And so, as a result of Dr. Cole’s prompting me to speak after school to her faculty, I decided to launch Don’t Hide It Flaunt It. As my writing began to reach more people, even finding some willing takers in national magazines, my children were simultaneously working their way through Dr. Cole’s elementary school. Throughout, Dr. Cole continued to support my efforts. Whether it was my kicking off the ‘Kid Flaunt,’ as a pilot competition in her school, my leading a ‘Character Counts’ Assembly to the entire grade school (grades 1-5) about “Difference,” having students participate in the national children’s Peacock art contest to create a logo for DHIFI, or even just to present to all 1st graders, sharing a book Ethan had written and Charlie illustrated on bullying. Now when I look back at the overprotective and fearful mother I was when Ethan first entered school and see the changes I’ve made so that now I’m encouraging everyone to flaunt their differences, I’m still surprised by the evolution. But I know that Dr. Cole planted the seed of Don’t Hide It, Flaunt It and then helped me grow it.

I visited the school on Dr. Cole’s last day to drop off the bracelet. She wasn’t in so I left her a note of thanks. Then, this past week, I received an unexpected email from Dr. Cole who had just spent time with a church group in Latin America. She shared a journal entry from her trip and, as I read it, my face moistened with tears. As it turned out, it seems I left just as much of an impression on her as she did on me:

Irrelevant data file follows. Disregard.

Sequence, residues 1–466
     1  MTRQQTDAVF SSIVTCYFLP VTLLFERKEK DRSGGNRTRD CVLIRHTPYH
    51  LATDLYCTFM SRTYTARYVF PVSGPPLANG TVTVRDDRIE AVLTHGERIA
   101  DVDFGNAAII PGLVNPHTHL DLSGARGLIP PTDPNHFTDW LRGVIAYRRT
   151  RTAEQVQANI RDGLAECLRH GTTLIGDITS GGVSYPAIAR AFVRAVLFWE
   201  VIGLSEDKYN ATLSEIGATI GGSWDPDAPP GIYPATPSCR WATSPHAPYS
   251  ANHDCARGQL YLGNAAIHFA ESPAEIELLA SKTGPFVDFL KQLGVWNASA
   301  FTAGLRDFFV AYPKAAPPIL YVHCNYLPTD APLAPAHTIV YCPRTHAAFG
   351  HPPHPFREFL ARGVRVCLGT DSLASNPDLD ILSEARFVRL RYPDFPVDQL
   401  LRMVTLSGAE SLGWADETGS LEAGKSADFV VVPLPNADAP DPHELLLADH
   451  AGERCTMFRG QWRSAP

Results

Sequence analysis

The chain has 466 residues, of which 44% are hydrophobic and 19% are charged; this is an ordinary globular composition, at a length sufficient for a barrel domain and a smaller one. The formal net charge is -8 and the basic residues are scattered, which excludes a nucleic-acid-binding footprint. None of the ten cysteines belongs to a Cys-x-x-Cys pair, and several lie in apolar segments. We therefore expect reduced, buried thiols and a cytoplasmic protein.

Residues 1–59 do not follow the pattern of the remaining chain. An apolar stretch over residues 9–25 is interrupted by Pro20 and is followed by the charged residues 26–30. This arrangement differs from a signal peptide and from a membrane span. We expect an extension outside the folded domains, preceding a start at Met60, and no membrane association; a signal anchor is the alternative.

“The praise dancers entered the sanctuary and took their places. A small girl with one arm and the other arm only to her elbow and legs only to her knees was carefully placed in the center of the front row of the praise dancers.

photocoleAs the praise dancers began their routine, the child began dancing and praising G-d in her own way.   The joy that was expressed on her face was inspirational. Some of the participants in our vision mission trip immediately thought that the people in this church were trying to manipulate our emotions by placing this child in the front row. I saw a child who was overcoming her limitations on her own terms.   But what I realized was that she did not see them as limitations but what G-d has given her and she used what was given to her to praise G-d. 

I realized that if she had appeared at my school I would have tried to provide her with a 504 so she could meet the expectations of the grade level with the necessary accommodations, just like I tried to provide for Ethan, a student in my school. His mother, who has the same genetic issues as her son, shared that as she was growing up in the Middle East she did not have any accommodations and she adjusted on her own. She wanted her son to do the same. I couldn’t see how that could happen. I insisted on establishing a 504 on her terms and eventually, her son, like this child did not need any accommodations. Now, finally I understood. A least restrictive environment really means just that. Allowing this child to dance in her own way, to use a tambourine in her own way gave her an opportunity to meet her full potential. To deny her the chance to display this exuberance to the glory of G-d would be criminal and also deny us, the congregation, of seeing pure joy from one of G-d’s precious creations.”

Dr. Sheila Cole October 2014




This post is dedicated to Dr. Cole and all principals, guidance counselors, and teachers in our New Jersey town Zucker family June 2014who have open their classrooms, auditoriums and cafeterias, allowing us to share Don’t Hide It Flaunt It’s message of self-acceptance.  We are forever grateful.